Each year, increases in fall pheasant populations depend on winter and spring weather conditions and the availability of quality habitat. With winter behind us, attention turns to field reports of pheasant nesting and spring habitat conditions for updated predictions on this year’s pheasant hunting season.
Similar to the winter pheasant and habitat conditions report
, spring weather and available habitat have fluctuated across the United States. Overall, the outlook is good and pheasant numbers, collectively, continue to rebound, especially in areas with quality winter habitat and undisturbed nesting habitat. Read on for what each state’s upland experts have observed and how they intend to continue their missions toward bolstering pheasant numbers nationwide.
Reports from California pheasant check stations indicated that last season pheasant hunter numbers, as well as pheasant harvest numbers, were down from the previous year. The average daily birds per hunter was 0.57 for the 2015 season.
Winter brought mild temperatures to California. Most areas saw a shift between 1 to 4 degrees above normal. Rainfall was normal or slightly above normal in the northern half of California but remained below normal in southern California where “extreme” to “exceptional” drought conditions persist.
Overall, habitat conditions for pheasants remain fair given ongoing drought in California, according to Matt Meshriy, environmental scientist for the California Department of Fish and Wildlife. The California Department of Fish and Wildlife, in collaboration with Pheasants Forever and the U.S. Geological Survey, is engaged in a multi-year effort to improve the state’s understanding of the causal factors for the decline of California’s wild pheasant populations and to determine what management actions might reverse observed trends.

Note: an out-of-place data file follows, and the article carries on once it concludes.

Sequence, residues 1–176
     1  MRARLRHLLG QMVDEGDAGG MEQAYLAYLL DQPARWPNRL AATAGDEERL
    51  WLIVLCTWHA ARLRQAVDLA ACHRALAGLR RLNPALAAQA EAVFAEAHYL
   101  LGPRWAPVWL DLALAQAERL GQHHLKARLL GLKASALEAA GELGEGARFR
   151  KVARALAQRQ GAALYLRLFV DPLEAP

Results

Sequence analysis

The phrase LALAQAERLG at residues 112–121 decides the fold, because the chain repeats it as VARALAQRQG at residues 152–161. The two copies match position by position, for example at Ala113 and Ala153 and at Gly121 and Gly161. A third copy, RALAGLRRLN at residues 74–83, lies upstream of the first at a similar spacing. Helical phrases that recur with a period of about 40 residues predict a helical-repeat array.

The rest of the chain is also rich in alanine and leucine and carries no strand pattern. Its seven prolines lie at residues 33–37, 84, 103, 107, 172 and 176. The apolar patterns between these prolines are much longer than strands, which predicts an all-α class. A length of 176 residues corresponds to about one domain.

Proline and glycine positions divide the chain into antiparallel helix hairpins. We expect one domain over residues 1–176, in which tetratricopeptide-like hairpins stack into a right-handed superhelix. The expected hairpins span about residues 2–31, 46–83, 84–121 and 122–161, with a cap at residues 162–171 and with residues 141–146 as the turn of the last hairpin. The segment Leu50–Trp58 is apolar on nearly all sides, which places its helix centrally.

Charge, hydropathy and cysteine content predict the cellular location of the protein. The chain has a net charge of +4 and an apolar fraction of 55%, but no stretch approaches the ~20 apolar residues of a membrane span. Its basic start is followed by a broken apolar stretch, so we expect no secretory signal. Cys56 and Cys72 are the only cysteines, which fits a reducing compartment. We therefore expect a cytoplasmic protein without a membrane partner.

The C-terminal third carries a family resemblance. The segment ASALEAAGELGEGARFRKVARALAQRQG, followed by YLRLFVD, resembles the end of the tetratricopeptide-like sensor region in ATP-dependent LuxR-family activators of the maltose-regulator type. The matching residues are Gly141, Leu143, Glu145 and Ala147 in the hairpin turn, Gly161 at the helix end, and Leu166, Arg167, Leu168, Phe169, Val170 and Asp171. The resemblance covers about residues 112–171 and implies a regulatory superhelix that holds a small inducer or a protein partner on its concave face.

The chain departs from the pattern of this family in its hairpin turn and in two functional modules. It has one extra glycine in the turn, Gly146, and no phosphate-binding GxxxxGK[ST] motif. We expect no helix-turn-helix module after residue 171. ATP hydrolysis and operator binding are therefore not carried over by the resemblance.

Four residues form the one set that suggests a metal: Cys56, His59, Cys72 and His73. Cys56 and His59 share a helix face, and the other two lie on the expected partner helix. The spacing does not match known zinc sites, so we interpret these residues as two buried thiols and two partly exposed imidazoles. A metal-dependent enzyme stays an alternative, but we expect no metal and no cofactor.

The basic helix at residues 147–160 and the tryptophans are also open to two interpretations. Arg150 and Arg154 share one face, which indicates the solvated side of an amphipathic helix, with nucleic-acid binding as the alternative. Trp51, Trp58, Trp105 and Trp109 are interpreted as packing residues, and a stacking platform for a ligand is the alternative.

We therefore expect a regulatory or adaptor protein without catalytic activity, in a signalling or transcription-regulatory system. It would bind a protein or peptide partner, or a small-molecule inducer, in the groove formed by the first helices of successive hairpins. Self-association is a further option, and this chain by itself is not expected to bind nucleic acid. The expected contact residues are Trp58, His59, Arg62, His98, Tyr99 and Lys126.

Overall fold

Colorado’s pheasant population continues to increase as weather has greatly improved in 2015 and early 2016 from the drought period experienced in 2012-2014, according to Ed Gorman, small game manager for Colorado Parks and Wildlife. “Overwinter survival in Colorado is much more a function of night-roosting habitat quality than anything else,” explained Gorman, “and in this case, we are currently doing okay but that may change as thousands of acres of high quality CRP are set to expire in September.”
Spring conditions have been very good in 2016 with significant precipitation creating nesting habitat development and good early brood habitat. “There’s potential to have a very good pheasant year in Colorado,” Gorman said. “Much of that is to be determined and will be dependent on the nesting season which is ongoing presently, and by brood survival.”
Spring precipitation was at or above average throughout the state, which should lead to good nesting and brood rearing habitat, according to Jeffrey Knetter, Idaho Department of Fish and Game's upland game and migratory bird coordinator.
“Ideal (summer) conditions would include average precipitation levels and average temperatures,” Knetter said. “Continued moisture would lead to continued forb growth, which leads to brood success, and therefore good hunting in fall.”
Idaho has been holding steady at around 680,000 acres enrolled in CRP/SAFE. The state continues to show landowner interest in Eastern Idaho SAFE, which is focused on Columbian Sharp-tailed grouse. “We expect to have nearly 112,000 acres enrolled by this fall,” Knetter said. Idaho continues to promote the CP33 buffers practice as well as a new SAFE program in western Idaho focused on upland game birds. USDA and the Idaho Department of Fish and Game are putting a renewed effort into promoting mid-contract management, which should result in better game bird habitat on these acres, according to Knetter.
Illinois overall pheasant harvest on state-owned Pheasant Habitat Areas was up in 2015-16. According to the state’s agriculture and grassland program manager Stan McTaggart, anecdotal reports have indicated good overwinter survival numbers due to the mild winter conditions.